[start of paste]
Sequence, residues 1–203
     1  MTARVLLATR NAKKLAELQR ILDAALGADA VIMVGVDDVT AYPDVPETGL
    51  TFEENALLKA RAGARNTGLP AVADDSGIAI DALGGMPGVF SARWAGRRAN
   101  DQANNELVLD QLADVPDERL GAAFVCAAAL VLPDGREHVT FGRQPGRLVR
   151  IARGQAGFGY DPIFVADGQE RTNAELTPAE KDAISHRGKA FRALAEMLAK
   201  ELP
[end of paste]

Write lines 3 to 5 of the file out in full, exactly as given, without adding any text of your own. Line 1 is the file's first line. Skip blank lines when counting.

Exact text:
    51  TFEENALLKA RAGARNTGLP AVADDSGIAI DALGGMPGVF SARWAGRRAN
   101  DQANNELVLD QLADVPDERL GAAFVCAAAL VLPDGREHVT FGRQPGRLVR
   151  IARGQAGFGY DPIFVADGQE RTNAELTPAE KDAISHRGKA FRALAEMLAK